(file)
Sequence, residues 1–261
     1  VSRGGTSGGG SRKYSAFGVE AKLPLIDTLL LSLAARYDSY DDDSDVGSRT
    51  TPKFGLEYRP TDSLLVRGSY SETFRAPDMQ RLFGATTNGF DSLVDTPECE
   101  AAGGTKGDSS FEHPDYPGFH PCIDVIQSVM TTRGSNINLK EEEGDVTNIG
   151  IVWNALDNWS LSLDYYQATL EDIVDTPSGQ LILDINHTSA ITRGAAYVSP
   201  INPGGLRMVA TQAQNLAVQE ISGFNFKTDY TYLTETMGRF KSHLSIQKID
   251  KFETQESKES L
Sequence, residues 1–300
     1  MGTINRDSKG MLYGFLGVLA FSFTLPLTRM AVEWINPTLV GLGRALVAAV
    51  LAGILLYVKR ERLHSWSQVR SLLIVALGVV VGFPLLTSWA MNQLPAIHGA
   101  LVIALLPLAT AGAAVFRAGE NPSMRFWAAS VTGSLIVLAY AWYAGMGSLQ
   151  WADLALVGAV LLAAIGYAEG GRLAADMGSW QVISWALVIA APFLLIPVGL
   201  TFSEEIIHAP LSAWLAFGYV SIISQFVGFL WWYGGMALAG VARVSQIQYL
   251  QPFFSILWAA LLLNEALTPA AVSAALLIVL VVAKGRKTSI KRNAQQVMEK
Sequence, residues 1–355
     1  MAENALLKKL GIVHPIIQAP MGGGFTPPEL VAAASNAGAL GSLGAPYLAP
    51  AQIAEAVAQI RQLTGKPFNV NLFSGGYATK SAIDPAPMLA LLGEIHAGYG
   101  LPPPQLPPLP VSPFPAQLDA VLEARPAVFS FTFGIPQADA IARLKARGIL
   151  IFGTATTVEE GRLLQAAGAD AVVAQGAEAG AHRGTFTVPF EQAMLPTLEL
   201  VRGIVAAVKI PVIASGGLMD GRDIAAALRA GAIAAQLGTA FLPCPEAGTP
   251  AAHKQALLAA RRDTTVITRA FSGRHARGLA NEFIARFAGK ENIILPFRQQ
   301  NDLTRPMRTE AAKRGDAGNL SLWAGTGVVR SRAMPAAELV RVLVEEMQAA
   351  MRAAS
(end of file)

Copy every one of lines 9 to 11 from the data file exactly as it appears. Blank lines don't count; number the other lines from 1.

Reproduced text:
     1  MGTINRDSKG MLYGFLGVLA FSFTLPLTRM AVEWINPTLV GLGRALVAAV
    51  LAGILLYVKR ERLHSWSQVR SLLIVALGVV VGFPLLTSWA MNQLPAIHGA
   101  LVIALLPLAT AGAAVFRAGE NPSMRFWAAS VTGSLIVLAY AWYAGMGSLQ